And just as sadly, this is happening to churches around America. They are fading from existence because they have allowed their love for Christ and His body to diminish, which resulted in a diminished love for the lost. As their love for Christ has grown cold, so has their love for His gospel. And as their love for the gospel has grown cold, so has their love for bringing His gospel to a lost and dying world. Many American churches, today, have either had their lampstand removed, or soon will.

My brethren, don’t let it happen here. May the lampstand of Christ be firmly rooted here, and may the light of Christ shine bright as His church, here, in this community fulfills the two greatest commandments, by fulfilling the Great Commission.
And Jesus came and said to them, “All authority in heaven and on earth has been given to me. Go therefore and make disciples of all nations, baptizing them in the name of the Father and of the Son and of the Holy Spirit, teaching them to observe all that I have commanded you. And behold I am with you always, to the end of the age.” – Matthew 28:18-20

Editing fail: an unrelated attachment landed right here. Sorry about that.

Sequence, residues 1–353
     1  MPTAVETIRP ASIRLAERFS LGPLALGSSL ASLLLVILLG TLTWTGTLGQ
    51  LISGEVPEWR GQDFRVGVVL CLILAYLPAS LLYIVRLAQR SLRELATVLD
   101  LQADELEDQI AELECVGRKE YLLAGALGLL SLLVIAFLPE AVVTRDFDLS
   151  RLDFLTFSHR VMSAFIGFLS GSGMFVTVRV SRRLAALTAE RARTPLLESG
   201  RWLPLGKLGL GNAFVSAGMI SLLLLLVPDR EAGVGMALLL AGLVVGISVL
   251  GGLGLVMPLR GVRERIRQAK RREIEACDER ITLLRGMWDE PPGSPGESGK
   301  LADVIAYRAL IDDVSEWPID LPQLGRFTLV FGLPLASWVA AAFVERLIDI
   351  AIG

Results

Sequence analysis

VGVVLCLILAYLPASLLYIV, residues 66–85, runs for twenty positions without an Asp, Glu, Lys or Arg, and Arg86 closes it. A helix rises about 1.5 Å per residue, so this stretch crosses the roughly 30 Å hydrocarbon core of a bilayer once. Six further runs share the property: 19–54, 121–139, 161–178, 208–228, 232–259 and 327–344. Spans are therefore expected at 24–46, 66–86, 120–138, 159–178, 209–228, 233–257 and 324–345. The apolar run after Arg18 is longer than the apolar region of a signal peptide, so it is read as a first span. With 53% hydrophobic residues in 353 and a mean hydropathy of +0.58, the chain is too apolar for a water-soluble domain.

My beloved brethren: remember, repent, and do the work.

Remember how hot your love for Christ and His Church burned during the early days of your faith in Christ. And remember with what love for Christ and zeal for His Church you shared the gospel with the lost.

Repent. Repent of a love grown cold. Repent of failing to love the lost—whether friend, neighbor, co-worker, family member, or stranger on the street. Repent of not glorifying Christ in your life by allowing your gospel light to be hidden under a basket. Repent of not loving the lost enough to be willing to lay down your very life so that others might be saved.

And do the work. Proclaim the gospel. As Jesus exhorted His apostles, so I exhort you.
So have no fear of them, for nothing is covered that will not be revealed, or hidden that will not be known. What I tell you in the dark, say in the light, and what you hear whispered, proclaim on the housetops. And do not fear those who kill the body but cannot kill the soul. Rather fear him who can destroy both soul and body in Hell. – Matthew 10:26-28
May the words of Christ in Revelation 2:2-5 continually sound in your heart and mind until you obey. And may they continue to sound in your heart and mind, once you have obeyed, serving as a constant reminder of what Christ commands of you. Remember! Repent! Do the work!